The conversational style and protocol of someone from a university background who took part in academic debates is going to be different from the casual persuader, who is used to pulling the strings of his or her spouse and children, or at the local grocery store. This mismatch of cultures and approach can quickly descend into a slugging match, where misunderstandings and personality clashes ensue. From my own experience on social media, and borrowing from my social psychology degree, various categories or users begin to emerge — the Professional; the Expert; the Humanitarian Activist; the Histrionic Predator; the Bog Monster; the Experienced Financial Scammer; the Patriot; the Individual Living Under a Totalitarian Despotic Regime Who Seeks Emancipation from the West. These are, of course, only impressions, and somewhat flippant ones at that — but a whole spectrum of people with all or some or more of these attributes and motivations exist in the melee.
Some of the most magnificent people I have met in life have emerged through Twitter or even LinkedIn. At times, it was the memes or solidarity with people from across the world that got me through the tough times. And, the dedicated “diggers” and humanitarians out there provide valuable information on their local turf that allows us to form more diverse and comprehensive views than any corporate news outlet would afford. The 24-hour news cycle of the BBC or CNBC is a bitter lozenge when compared with the banquet offered by the millions of “truth seekers” and niche experts or opinion formers being funneled into your laptop each day.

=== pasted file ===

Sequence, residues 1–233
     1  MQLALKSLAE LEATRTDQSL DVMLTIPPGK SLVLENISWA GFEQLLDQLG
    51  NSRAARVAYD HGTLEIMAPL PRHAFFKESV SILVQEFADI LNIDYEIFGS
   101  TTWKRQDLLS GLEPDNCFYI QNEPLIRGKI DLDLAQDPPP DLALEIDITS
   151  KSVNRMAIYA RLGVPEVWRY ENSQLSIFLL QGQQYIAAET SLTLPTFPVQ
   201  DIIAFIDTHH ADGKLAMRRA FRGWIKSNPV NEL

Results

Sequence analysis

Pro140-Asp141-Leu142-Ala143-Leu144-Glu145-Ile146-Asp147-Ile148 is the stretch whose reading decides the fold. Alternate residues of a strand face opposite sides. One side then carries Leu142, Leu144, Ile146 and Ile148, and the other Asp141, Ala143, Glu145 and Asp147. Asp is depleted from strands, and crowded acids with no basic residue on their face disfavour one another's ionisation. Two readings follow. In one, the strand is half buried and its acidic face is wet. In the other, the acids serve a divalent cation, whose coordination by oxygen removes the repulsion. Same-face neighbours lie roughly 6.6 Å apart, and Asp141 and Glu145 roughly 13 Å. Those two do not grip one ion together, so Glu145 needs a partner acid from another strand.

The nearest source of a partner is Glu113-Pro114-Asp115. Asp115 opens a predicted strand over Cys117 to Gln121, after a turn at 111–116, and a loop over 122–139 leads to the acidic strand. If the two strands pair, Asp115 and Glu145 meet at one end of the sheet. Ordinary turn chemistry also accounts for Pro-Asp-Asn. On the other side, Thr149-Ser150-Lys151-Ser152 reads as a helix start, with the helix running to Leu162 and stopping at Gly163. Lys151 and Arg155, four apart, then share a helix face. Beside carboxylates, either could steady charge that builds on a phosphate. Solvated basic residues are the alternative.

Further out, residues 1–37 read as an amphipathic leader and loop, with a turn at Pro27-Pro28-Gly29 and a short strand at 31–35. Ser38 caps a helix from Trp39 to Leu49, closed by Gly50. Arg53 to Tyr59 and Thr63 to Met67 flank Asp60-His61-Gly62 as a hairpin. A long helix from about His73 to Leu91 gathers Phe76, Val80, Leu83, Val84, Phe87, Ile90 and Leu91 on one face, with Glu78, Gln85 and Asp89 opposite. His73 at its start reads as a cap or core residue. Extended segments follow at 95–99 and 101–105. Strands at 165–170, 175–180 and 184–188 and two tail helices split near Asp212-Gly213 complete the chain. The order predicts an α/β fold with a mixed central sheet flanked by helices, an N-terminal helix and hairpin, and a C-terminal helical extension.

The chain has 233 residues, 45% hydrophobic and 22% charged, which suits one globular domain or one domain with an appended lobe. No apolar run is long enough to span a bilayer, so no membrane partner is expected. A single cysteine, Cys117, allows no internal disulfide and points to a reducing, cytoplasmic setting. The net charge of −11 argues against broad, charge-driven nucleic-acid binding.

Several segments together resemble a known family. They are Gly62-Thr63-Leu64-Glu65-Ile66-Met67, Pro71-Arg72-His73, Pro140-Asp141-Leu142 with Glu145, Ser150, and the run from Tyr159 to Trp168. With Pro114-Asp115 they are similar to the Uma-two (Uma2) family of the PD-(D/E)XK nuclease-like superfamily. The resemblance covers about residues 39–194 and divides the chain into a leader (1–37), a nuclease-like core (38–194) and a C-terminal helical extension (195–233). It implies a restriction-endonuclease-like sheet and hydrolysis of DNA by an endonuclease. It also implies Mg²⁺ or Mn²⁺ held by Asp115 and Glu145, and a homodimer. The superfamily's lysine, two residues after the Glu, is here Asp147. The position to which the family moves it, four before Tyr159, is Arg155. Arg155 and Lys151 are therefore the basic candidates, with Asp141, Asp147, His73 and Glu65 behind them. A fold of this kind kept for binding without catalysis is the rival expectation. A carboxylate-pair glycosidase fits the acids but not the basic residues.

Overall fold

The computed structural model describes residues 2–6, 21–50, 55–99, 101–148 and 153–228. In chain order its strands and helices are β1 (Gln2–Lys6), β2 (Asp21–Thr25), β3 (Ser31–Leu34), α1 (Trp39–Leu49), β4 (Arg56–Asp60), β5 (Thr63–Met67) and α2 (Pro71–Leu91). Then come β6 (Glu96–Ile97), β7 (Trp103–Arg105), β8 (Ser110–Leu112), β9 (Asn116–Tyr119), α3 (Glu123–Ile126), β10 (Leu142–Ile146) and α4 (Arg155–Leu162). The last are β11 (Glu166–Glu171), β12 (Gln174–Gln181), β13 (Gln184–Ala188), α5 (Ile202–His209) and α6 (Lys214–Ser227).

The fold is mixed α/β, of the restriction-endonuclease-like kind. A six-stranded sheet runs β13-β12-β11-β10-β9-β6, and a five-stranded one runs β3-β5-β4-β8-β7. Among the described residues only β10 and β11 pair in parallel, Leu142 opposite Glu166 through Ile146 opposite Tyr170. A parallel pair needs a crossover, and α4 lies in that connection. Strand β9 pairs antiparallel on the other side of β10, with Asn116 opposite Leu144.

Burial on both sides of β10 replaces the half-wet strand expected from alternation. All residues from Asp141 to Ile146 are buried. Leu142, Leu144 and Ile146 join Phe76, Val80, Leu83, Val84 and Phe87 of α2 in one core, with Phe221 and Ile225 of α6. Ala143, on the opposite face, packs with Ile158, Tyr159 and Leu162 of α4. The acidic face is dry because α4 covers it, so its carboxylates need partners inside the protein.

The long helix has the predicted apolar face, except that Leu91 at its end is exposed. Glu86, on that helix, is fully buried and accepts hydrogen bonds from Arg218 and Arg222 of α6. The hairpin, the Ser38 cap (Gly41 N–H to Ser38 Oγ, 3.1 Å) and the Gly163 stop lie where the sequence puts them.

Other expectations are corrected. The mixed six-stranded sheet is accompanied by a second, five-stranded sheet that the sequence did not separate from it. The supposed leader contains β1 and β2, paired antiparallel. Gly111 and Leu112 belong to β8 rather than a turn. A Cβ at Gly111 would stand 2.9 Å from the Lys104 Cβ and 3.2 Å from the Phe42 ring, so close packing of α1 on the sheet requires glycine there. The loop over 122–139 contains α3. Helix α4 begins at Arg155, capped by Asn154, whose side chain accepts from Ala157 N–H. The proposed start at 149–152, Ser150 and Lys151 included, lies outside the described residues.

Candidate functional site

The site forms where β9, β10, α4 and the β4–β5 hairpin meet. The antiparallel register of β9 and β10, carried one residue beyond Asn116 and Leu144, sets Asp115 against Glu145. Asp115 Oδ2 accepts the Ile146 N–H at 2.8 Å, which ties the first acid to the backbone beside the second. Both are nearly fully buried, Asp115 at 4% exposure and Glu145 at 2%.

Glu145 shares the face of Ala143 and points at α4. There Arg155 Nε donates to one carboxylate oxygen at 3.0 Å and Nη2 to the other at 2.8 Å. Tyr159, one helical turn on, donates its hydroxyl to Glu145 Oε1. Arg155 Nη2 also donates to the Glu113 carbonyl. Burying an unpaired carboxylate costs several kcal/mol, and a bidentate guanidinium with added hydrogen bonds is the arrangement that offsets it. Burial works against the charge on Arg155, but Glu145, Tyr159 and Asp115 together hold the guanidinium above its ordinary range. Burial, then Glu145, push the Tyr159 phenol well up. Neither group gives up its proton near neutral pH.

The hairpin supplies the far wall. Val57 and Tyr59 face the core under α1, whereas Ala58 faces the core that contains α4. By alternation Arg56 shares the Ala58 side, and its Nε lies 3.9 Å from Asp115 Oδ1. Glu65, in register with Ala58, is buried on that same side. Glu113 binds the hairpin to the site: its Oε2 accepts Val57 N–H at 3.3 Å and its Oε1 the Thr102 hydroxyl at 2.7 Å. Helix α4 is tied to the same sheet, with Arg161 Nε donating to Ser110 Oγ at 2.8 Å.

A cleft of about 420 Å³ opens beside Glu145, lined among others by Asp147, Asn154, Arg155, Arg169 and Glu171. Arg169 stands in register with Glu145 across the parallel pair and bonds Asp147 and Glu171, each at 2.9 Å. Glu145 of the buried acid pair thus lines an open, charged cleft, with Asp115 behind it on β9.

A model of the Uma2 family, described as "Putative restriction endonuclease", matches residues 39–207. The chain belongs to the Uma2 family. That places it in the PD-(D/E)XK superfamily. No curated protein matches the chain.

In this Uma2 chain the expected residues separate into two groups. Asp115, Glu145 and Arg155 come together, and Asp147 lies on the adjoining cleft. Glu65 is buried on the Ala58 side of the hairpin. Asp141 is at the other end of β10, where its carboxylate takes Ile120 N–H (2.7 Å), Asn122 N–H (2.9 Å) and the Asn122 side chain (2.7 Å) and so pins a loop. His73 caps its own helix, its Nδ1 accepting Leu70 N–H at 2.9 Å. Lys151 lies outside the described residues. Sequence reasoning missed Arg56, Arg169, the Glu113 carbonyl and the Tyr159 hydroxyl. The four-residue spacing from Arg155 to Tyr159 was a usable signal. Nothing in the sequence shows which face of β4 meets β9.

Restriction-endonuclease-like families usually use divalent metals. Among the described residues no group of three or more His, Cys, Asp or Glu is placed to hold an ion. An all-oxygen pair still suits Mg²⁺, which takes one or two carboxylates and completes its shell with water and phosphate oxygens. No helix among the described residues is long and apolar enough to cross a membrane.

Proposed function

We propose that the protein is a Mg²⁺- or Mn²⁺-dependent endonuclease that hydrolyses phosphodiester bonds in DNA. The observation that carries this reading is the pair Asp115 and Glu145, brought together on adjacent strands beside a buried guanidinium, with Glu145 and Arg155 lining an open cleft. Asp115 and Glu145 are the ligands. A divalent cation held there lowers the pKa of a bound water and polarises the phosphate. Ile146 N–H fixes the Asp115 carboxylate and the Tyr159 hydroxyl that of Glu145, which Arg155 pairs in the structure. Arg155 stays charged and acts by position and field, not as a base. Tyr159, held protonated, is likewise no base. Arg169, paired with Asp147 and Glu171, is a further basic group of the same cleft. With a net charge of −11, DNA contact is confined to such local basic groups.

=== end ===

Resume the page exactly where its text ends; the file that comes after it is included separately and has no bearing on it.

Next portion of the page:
Whether you seek highs or lows; truths or lies — it’s all available. The tangled web may have been co-opted by the security state, and its pervasive algorithms, but the unity of mind that is now emerging as humanity faces a fork in the road — between those buying into chaos and suppression and those imagining and formulating a new paradigm beyond the old — has co-opted the technology by force of will alone.